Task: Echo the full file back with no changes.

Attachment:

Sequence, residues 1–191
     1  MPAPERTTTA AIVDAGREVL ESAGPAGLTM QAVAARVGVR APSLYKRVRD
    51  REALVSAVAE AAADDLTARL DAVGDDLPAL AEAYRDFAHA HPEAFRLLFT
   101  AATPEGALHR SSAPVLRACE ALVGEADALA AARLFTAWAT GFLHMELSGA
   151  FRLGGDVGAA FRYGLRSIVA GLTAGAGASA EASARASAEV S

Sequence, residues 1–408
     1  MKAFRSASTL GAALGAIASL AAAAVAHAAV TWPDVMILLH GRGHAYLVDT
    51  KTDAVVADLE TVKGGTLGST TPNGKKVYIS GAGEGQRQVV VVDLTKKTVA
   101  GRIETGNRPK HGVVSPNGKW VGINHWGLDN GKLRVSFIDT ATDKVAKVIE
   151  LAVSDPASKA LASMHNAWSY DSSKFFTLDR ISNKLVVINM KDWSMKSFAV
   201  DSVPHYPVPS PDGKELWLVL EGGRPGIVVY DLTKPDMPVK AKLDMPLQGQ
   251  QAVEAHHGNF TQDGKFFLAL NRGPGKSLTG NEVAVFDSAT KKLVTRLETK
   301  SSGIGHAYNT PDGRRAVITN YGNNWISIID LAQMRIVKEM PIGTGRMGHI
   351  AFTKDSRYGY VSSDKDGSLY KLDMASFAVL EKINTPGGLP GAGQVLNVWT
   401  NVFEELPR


Sequence, residues 1–191
     1  MPAPERTTTA AIVDAGREVL ESAGPAGLTM QAVAARVGVR APSLYKRVRD
    51  REALVSAVAE AAADDLTARL DAVGDDLPAL AEAYRDFAHA HPEAFRLLFT
   101  AATPEGALHR SSAPVLRACE ALVGEADALA AARLFTAWAT GFLHMELSGA
   151  FRLGGDVGAA FRYGLRSIVA GLTAGAGASA EASARASAEV S

Sequence, residues 1–408
     1  MKAFRSASTL GAALGAIASL AAAAVAHAAV TWPDVMILLH GRGHAYLVDT
    51  KTDAVVADLE TVKGGTLGST TPNGKKVYIS GAGEGQRQVV VVDLTKKTVA
   101  GRIETGNRPK HGVVSPNGKW VGINHWGLDN GKLRVSFIDT ATDKVAKVIE
   151  LAVSDPASKA LASMHNAWSY DSSKFFTLDR ISNKLVVINM KDWSMKSFAV
   201  DSVPHYPVPS PDGKELWLVL EGGRPGIVVY DLTKPDMPVK AKLDMPLQGQ
   251  QAVEAHHGNF TQDGKFFLAL NRGPGKSLTG NEVAVFDSAT KKLVTRLETK
   301  SSGIGHAYNT PDGRRAVITN YGNNWISIID LAQMRIVKEM PIGTGRMGHI
   351  AFTKDSRYGY VSSDKDGSLY KLDMASFAVL EKINTPGGLP GAGQVLNVWT
   401  NVFEELPR